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What are osteoblasts? bone forming cells
what are osteocytes? mature bone cells
What are osteoclasts? cells that break down bone
What are the two broad classifications of fractures? Simple: closed (skin intact), Compound: open (direct communication between skin wound and fracture)
What are the more detailed classifications of fractures? Green stick, impact, spiral, and comminuted
What are the stages of fracture healing? Hematoma, granulation tissue, callus formation, ossification, consolidation , remodeling
What age groups are at risk for fractures? Men 15-25 and adults >65
What are the most common types of fractures due to MVA? tibial fractures
What types of fractures are the elderly most at risk for? veterbral, wrist and hip (usually due to falls)
What is the main priority for immediate fracture care? to achieve and maintain proper allignment
What are other priorities for a fracture? immbolize the injury, ice, elevation, frequent assessment
What are the nursing cares for fractures? Decrease pain, prevent infections (ATB) tetanus shot, prevent hazards of immobility, restore function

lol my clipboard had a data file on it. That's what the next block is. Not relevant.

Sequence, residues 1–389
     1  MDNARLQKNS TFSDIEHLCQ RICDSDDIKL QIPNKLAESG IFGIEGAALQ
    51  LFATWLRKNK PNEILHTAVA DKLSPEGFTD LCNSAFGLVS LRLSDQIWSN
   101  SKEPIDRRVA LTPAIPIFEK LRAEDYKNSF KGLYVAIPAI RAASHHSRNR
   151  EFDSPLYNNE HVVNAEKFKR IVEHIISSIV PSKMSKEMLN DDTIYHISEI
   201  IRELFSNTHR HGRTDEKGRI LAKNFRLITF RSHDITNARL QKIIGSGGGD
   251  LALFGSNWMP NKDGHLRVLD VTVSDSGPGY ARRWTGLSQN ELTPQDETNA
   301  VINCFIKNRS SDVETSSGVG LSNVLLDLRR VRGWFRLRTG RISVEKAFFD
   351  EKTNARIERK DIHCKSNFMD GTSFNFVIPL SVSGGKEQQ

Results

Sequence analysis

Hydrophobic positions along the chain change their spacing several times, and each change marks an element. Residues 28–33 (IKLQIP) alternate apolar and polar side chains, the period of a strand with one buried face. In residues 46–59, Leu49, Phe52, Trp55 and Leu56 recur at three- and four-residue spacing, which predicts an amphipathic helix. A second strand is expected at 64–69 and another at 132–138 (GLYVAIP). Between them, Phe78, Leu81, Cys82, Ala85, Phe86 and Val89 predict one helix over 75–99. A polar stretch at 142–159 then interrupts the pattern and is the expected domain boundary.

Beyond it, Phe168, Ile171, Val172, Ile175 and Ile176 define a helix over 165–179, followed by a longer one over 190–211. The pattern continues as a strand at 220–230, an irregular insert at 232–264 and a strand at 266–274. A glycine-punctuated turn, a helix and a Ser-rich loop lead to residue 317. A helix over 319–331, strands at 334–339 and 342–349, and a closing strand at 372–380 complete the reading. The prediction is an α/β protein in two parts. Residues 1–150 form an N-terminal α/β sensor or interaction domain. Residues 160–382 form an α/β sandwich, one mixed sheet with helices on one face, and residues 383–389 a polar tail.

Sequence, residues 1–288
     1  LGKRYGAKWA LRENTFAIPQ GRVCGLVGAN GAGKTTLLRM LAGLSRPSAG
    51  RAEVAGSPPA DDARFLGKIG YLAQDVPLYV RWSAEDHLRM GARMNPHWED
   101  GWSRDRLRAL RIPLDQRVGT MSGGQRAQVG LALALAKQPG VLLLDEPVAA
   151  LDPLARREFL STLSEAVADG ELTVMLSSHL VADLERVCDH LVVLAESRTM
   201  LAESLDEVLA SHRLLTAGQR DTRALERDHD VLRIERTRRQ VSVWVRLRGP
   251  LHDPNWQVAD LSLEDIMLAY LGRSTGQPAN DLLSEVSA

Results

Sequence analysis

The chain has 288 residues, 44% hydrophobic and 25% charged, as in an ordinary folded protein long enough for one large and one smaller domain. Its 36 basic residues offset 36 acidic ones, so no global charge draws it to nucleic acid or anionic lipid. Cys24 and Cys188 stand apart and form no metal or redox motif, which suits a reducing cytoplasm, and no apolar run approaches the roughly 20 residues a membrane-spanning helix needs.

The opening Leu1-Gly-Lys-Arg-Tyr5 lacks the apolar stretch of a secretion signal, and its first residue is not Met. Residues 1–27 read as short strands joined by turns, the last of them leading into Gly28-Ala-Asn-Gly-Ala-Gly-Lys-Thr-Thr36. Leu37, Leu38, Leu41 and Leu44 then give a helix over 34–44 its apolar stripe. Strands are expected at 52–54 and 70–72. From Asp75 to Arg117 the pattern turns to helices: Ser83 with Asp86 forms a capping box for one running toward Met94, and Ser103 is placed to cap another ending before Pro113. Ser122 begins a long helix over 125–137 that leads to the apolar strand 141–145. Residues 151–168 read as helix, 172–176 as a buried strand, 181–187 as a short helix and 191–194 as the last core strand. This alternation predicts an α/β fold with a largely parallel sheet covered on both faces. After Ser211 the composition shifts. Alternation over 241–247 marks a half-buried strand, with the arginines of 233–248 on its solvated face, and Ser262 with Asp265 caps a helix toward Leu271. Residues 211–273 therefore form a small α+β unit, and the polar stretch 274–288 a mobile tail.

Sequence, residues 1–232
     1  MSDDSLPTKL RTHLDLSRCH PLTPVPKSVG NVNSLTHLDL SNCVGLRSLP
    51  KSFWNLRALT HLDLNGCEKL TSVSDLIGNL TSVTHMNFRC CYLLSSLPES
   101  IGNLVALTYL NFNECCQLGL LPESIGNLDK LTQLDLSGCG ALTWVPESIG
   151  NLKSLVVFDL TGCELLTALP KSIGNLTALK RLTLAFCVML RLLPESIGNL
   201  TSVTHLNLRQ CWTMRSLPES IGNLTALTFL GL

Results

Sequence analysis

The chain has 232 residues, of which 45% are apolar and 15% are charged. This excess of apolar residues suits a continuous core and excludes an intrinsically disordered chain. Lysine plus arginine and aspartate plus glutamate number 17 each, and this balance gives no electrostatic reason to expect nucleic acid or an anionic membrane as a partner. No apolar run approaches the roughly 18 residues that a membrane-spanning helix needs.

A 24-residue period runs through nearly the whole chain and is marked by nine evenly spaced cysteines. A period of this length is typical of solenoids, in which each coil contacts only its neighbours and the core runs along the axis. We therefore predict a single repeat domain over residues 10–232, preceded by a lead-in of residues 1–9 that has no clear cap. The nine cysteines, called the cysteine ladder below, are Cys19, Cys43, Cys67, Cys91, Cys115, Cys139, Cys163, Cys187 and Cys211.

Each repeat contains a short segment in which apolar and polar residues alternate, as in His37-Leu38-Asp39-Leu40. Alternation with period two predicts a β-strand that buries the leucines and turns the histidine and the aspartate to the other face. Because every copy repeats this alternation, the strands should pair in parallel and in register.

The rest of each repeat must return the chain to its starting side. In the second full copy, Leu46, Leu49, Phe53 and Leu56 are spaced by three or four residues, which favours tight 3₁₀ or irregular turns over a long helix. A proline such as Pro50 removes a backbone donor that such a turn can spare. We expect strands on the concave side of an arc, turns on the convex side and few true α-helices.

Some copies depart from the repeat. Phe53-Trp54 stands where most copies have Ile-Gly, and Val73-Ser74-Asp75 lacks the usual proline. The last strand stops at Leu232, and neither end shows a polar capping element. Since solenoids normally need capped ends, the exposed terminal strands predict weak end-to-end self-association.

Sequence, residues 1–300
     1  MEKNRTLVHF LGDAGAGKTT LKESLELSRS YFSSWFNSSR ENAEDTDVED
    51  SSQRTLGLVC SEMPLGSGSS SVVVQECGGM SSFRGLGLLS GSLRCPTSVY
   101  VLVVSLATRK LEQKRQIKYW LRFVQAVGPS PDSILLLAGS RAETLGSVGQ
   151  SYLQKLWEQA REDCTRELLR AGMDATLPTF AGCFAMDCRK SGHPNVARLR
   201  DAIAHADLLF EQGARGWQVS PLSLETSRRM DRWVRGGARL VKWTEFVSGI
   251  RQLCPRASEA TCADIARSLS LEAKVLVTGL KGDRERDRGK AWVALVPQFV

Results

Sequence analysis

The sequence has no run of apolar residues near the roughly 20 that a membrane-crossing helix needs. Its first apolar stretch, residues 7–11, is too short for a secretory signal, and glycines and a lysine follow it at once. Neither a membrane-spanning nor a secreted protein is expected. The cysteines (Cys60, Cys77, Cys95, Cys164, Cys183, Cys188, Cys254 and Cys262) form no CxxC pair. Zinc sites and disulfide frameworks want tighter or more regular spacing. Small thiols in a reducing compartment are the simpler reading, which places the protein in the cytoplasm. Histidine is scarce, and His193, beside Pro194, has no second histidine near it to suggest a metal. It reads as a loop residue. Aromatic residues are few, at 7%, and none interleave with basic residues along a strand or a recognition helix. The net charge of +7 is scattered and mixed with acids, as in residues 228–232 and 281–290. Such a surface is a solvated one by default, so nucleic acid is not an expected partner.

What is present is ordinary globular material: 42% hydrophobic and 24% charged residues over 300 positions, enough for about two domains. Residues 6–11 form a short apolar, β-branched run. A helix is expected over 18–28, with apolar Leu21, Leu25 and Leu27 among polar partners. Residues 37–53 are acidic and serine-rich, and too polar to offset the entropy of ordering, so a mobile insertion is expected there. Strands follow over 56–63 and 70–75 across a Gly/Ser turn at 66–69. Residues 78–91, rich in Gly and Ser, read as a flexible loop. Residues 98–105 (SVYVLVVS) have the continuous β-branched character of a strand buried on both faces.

What are the benefits of having a fiberglass or plastic cast? light weight, can get wet and drys quicker
What is the purpose of traction? to maintain alignment, immobolize, reduce muscle spasms, reduce pain and increase rest
What are the complications of fractures? Infection (osteomylitis, gas gangrene, tetanus) Hemorrhage --> shock, PE, fat embolism, compartment syndrome
What types of fractures are more likely to result in a fat embolism? pelvis, femur and tibia
When is a fat embolism most likely to occur? within 48 hours of injury
What are the S/S of compartment syndrome? pain unrelieved by meds, edema unrelieved by elevation, parathesia, decreased perfusion, pallor, pulselessness, paralysis
What is contraindicated in compartment syndrome? applying ice and elevation
What should the nurse anticipate if compartment syndrome is suspected? Cut off cast, surgery (fasciotomy)
Created by: brebre273